Admittedly, setting a pace of 8:31/km is a bit of a challenge as it’s also not within my comfortable range. It is too slow to be run and is actually about the pace of my powerwalk! But since I feel like I’m insulting everyone running when I’m just walking, I resorted to running again with small steps. It’s still a challenge as my steps are normally long, but it’s a sacrifice I have to take as a pacer. I got used to it eventually, but at a price.
The adjustments my feet had to make to comply with our average pace took its toll on me as the race progressed. One of the first to complain was my right knee long before halfway. It felt like somebody hit it with a hammer. It fortunately wasn’t bad enough to hinder me from running but I had to be very cautious with my run. Then came this huge blister on top of my right foot. It’s as big as a bubble on a standard bubble wrap and it’s just really annoying as it’s causing a lot of discomfort with every step. It didn’t swell as we run as it probably kept popping. Then eventually my lower back complained but the most serious one came last: my heels.
Seasoned runners may be familiar with plantar fasciitis, and it’s what I had to deal with for about the last third of the race. I was really praying that it doesn’t go worse as I really felt like I’m going to tear that part of my foot, and I’m thankful that it didn’t. Our easy pace matched with walk breaks helped to not aggravate the situation.
This is probably the best pacer duty I’ve had so far! This is the first time that we had so many runners joining our group and they really followed our lead! It’s like we had our own platoon! To be frank, I’m quite surprised that there were so many runners on our group as I was expecting that, since RUPM is the last leg of the Run United series, many had trained well and were aiming for much faster finish times! What surprised me more was that we actually overtook a lot of runners! Given that, I’m proud that the folks that joined us took the challenge upon themselves to finish in six hours, not whenever comfortable.
The route is the biggest challenge of this race. Sure, you can look at the race routes and to some extent figure out the elevation. But unless you’re that familiar with all that route, there’d be a lot of surprises that await you. Sure, 8:31/km sounds easy on paper, but applying it on the route was more challenging than I had anticipated.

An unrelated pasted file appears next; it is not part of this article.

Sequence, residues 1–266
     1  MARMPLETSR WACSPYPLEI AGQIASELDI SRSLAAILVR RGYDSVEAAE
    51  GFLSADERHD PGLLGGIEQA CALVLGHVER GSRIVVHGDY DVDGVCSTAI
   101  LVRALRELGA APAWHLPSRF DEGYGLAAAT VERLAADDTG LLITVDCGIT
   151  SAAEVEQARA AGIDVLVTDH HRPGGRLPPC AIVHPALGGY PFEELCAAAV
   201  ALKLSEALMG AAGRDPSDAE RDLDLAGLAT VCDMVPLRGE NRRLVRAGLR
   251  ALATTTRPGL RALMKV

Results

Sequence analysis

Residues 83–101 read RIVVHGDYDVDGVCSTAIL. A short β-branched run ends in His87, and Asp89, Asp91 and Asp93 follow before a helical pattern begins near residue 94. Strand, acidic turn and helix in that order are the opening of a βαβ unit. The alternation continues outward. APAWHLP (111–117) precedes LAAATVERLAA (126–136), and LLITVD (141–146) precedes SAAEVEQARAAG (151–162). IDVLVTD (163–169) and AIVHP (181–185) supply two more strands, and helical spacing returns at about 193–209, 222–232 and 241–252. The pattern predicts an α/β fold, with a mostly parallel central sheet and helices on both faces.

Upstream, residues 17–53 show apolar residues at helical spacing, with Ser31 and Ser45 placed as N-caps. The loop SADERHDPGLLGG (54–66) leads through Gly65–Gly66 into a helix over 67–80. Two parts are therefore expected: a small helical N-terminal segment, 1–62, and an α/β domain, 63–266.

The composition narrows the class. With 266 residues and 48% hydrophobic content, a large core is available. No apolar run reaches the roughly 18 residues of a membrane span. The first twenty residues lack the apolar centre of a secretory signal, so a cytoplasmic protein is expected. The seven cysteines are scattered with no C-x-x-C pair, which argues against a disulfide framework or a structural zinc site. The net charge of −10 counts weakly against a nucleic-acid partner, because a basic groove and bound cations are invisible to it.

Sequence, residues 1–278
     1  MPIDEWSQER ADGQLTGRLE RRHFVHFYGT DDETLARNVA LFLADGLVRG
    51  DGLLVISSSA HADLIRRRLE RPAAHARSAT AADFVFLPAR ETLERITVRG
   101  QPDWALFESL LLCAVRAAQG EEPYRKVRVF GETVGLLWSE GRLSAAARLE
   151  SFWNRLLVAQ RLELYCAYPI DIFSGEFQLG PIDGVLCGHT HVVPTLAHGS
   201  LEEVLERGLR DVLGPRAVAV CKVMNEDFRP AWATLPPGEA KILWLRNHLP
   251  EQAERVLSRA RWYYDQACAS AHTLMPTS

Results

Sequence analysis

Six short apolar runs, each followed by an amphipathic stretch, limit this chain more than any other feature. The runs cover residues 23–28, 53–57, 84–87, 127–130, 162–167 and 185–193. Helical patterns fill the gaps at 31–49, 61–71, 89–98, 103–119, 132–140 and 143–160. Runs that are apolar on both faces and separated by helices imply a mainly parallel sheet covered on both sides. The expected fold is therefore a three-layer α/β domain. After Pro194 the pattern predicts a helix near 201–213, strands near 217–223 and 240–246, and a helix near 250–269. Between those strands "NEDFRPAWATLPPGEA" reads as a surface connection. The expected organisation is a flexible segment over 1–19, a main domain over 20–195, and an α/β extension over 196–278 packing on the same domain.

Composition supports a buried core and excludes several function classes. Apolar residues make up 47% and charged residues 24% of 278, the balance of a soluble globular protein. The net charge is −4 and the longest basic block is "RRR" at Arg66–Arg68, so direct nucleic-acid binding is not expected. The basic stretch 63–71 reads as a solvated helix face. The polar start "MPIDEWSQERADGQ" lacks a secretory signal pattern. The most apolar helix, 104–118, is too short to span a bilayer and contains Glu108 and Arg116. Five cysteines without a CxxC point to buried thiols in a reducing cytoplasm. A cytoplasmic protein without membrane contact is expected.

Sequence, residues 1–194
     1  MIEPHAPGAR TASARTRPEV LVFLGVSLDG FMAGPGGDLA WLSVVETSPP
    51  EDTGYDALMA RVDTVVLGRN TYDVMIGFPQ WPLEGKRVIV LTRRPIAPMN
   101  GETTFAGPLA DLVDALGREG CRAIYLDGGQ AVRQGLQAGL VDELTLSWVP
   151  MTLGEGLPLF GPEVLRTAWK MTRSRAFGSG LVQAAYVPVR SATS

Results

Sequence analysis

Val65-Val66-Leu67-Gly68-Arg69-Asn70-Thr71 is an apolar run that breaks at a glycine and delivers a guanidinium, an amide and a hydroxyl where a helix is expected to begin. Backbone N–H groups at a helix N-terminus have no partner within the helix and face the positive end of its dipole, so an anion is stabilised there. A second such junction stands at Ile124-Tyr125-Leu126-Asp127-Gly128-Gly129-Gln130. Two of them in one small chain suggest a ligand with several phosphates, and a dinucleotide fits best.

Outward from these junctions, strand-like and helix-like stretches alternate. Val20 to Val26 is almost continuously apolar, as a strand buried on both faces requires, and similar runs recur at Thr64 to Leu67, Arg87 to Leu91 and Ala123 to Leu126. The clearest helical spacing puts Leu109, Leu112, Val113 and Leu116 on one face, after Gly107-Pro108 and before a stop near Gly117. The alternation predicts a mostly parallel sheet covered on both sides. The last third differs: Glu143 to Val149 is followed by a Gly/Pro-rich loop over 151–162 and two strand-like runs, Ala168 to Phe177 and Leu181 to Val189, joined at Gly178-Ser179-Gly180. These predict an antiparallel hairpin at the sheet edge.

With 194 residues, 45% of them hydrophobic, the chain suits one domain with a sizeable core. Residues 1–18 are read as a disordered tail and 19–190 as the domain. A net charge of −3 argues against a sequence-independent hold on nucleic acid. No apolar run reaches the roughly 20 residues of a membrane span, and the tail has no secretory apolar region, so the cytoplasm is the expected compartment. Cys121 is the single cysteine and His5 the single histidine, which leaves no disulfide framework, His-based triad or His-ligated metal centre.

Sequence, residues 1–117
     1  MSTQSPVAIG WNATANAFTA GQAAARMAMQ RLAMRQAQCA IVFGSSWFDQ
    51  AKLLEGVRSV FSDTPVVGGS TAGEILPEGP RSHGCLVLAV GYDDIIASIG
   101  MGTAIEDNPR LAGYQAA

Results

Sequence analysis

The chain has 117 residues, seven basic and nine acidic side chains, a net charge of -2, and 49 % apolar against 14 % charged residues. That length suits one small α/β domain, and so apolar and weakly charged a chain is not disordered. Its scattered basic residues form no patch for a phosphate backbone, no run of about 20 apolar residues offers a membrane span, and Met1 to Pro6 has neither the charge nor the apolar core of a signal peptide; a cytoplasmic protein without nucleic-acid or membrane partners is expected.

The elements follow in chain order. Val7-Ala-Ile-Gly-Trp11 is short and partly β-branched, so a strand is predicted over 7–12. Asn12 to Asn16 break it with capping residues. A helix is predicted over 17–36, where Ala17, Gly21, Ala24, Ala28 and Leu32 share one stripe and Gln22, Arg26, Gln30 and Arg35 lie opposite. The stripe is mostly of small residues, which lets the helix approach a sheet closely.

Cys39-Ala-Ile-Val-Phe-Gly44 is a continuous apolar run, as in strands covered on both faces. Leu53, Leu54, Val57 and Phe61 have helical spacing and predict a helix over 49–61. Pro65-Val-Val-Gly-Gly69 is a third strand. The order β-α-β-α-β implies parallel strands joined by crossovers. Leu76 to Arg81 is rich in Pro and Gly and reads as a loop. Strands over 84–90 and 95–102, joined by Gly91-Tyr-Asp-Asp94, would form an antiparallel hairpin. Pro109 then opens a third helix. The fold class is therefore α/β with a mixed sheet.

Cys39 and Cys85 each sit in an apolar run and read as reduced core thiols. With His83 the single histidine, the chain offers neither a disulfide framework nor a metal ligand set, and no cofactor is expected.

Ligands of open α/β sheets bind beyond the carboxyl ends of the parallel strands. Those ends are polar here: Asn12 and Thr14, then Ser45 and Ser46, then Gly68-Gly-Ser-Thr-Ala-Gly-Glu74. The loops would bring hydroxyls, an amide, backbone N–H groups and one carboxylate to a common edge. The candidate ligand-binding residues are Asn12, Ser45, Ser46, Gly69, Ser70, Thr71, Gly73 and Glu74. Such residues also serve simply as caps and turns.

The challenge started along Buendia Ave. My GPS devices (a Garmin fēnix® 2 and iPhone 5) were all struggling to get an accurate reading as GPS signals keep bouncing off the tall buildings so we had to rely upon distance markers along the route. Initially, I noticed that the distance markers were a bit off. I can tell because we were exerting more effort than our average pace required of us, but we were arriving just around the expected time, e.g. we were running around 7:00/km but we didn’t arrive head of time in front of the distance marker. At first it was a bit negligible, but then it became quite noticeable so in a struggle to keep to the time, our pace became slightly inconsistent, adjusting as necessary to meet the distance markers. Then things got worse: distance markers disappeared! I remember not seeing kilometer 13 marker and a lot of markers after that. This made pacing a nightmare as you can’t do your manual calculation and you’d have to rely again on your corrupted GPS readings (hoping that it shows you data with acceptable accuracy). This was also bad for the runners we were pacing as our speed was not as even as we had planned. There goes that “easy” pace!